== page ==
Iowa-Minnesota: Breaking Down the Community Player Ratings

Ratings, ratings, and more ratings.

Another week, another win, another set of rather positive ratings.  Funny how that works, no?  I'm curious to see what happens when (if!) Iowa loses another game this season; I suppose much will depend on how exactly Iowa loses that hypothetical game.  In the meantime, though, we have a gloriously dominating win over a border state rival to revel in.  Let's get to the ratings.

H/T to commenter MaroonedinMadtown for help with some of the data.

KIRK FERENTZ

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AVG: 7.4
PREV. AVG. RATINGS: 4.2 (NIU), 4.9 (MOST), 6.4 (ISU), 8.1 (WMU)
SEASON AVERAGE: 5.9 (all season average figures are prior to the MINN game)

Another solid showing for Iowa football's $4 million man.  Iowa didn't get caught with its pants down at any point on Saturday (aside from some botched kickoff coverage, perhaps) and Iowa seemed well-prepared for the game.  Iowa didn't make any sweeping changes after halftime, but there was hardly any reason to do so with a 17-0 lead.  This team is certainly starting to resemble the blueprints of some of Ferentz's better teams, though: a smart, efficient passing game married to a powerful, time-consuming rushing attack and backed up by a stout defense.  The next test is seeing how well this particular model holds up against stiffer competition (which is coming in the next four games).

THE OFFENSE

Off_minn_medium

AVG: 7.6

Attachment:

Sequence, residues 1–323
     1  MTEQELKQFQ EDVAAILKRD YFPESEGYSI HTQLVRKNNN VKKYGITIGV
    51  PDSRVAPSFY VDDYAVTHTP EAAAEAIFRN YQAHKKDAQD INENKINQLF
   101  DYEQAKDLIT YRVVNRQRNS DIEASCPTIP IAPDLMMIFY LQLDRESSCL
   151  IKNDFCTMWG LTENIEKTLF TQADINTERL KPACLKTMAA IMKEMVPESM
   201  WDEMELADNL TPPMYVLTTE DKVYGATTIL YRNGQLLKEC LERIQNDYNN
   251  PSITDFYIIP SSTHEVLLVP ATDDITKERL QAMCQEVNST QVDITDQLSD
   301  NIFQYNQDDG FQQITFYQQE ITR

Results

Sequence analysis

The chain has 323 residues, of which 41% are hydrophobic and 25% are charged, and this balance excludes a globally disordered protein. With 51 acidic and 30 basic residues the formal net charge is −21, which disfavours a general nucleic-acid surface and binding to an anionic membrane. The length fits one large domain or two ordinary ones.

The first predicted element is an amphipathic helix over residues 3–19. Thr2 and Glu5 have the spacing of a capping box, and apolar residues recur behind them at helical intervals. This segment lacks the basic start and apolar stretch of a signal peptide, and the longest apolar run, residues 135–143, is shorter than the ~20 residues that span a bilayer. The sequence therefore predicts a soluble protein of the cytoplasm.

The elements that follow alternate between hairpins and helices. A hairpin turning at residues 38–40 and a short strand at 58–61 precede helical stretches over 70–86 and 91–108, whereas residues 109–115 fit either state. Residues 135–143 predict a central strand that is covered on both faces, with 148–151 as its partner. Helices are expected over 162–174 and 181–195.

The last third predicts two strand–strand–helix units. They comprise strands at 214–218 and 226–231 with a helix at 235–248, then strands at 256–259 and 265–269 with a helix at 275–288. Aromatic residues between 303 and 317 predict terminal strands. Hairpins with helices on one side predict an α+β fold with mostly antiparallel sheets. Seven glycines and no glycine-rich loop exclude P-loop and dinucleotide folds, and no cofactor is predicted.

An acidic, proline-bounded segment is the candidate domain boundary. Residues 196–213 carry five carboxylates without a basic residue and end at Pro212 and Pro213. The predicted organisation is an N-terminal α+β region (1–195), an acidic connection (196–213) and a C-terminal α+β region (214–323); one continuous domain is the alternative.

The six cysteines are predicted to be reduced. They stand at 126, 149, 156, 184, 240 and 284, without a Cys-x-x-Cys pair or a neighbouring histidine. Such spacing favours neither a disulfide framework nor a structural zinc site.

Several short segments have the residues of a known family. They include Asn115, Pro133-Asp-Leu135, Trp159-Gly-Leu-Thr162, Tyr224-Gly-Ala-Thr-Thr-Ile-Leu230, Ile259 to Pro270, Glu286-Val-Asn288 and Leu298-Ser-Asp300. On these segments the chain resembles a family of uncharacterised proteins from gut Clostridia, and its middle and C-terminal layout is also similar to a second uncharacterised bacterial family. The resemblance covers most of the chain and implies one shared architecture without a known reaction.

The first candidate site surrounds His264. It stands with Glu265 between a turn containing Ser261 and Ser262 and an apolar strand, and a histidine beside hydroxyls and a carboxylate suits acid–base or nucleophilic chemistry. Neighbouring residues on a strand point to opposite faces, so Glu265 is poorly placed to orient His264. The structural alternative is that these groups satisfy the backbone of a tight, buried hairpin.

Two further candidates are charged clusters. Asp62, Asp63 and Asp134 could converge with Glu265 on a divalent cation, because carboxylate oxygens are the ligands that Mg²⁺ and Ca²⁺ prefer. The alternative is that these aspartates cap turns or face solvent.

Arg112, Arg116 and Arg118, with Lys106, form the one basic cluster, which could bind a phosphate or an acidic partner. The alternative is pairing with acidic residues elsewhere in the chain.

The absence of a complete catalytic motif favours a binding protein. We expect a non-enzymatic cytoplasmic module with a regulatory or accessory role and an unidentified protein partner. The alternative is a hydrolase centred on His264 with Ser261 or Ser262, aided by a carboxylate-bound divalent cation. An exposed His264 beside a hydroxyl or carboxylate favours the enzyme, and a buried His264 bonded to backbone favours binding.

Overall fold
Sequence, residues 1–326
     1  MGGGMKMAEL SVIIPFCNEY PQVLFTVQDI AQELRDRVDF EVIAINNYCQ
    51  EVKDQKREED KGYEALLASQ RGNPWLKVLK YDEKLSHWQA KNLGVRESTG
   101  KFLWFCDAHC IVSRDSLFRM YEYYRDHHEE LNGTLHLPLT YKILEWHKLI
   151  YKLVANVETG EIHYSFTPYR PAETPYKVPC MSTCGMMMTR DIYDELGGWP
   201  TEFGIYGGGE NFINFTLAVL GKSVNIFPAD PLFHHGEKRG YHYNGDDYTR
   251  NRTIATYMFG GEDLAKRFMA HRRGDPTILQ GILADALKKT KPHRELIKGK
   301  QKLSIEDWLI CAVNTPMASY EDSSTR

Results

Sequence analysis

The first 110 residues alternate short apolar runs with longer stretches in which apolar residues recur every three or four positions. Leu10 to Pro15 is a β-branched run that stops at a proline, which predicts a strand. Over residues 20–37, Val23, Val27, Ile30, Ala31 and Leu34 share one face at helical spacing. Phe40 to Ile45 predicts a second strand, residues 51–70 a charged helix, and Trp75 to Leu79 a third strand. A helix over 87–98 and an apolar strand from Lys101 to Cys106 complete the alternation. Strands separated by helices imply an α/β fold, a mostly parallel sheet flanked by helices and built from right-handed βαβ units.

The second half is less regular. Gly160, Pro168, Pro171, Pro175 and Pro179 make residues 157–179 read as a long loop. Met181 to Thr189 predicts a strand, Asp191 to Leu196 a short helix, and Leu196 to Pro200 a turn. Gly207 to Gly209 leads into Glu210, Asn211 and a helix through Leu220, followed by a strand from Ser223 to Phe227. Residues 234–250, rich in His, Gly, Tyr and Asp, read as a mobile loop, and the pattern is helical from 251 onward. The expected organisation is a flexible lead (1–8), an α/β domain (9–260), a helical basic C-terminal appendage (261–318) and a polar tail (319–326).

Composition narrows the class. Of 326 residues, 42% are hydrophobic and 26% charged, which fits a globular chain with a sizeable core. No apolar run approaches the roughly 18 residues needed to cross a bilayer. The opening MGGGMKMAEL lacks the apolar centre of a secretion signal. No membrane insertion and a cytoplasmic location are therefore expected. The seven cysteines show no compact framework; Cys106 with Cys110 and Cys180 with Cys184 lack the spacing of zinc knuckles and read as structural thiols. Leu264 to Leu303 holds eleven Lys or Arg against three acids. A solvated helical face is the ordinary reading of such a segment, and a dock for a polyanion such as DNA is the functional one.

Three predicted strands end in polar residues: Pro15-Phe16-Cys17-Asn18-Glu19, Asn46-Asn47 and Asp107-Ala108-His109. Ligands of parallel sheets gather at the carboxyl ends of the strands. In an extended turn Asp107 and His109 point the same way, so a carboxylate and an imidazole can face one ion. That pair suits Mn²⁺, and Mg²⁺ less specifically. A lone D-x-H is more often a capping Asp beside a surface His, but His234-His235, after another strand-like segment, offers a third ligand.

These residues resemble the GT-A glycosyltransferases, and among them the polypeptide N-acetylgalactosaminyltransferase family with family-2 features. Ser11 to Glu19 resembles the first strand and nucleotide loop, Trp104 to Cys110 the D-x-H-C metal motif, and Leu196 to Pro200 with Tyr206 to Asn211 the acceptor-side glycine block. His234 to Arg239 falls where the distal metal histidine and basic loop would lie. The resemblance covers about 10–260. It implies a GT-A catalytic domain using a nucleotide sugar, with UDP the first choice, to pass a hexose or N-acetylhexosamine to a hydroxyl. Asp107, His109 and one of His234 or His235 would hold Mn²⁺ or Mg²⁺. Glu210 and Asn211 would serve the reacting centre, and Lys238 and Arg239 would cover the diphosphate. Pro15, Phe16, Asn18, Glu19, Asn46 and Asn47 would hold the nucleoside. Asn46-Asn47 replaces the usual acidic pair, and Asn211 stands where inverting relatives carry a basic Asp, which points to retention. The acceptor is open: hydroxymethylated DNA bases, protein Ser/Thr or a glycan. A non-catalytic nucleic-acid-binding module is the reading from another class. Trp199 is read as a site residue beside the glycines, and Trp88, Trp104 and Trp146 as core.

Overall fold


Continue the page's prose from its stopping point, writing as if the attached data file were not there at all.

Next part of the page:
PREV. AVG. RATINGS: 4.5 (NIU), 5.2 (MOST), 7.0 (ISU), 7.9 (WMU)
SEASON AVERAGE: 6.1

Points continue to be a bit of an issue; 23 points is a pretty meager output for an offense that amassed 464 yards of total offense and dominated the game on Saturday, but it was also more than enough to secure what wound up being a pretty comfortable win.  Red zone scoring issues continue to plague Iowa; a missed field goal (which was technically just outside the red zone, but still) and a Rudock interception in the end zone cost Iowa points; at minimum, Iowa probably should have had a pair of field goals out of those possessions, which would have made the final score 29-7.  That final score would have more accurately reflected the on-field dominance on Saturday -- and it would have prevented any hope of a Gopher comeback in the fourth quarter, which would have saved us a few anxious moments.  Still, Iowa went over 400 yards of total offense again (impressive) and over 200 yards of rushing for the fifth straight game (really impressive -- and something that that had never been done before in the KF era), so things are humming along pretty well for the offense.  And that play call on the Powell touchdown was about as perfect as it gets -- a brilliant play call excellently executed.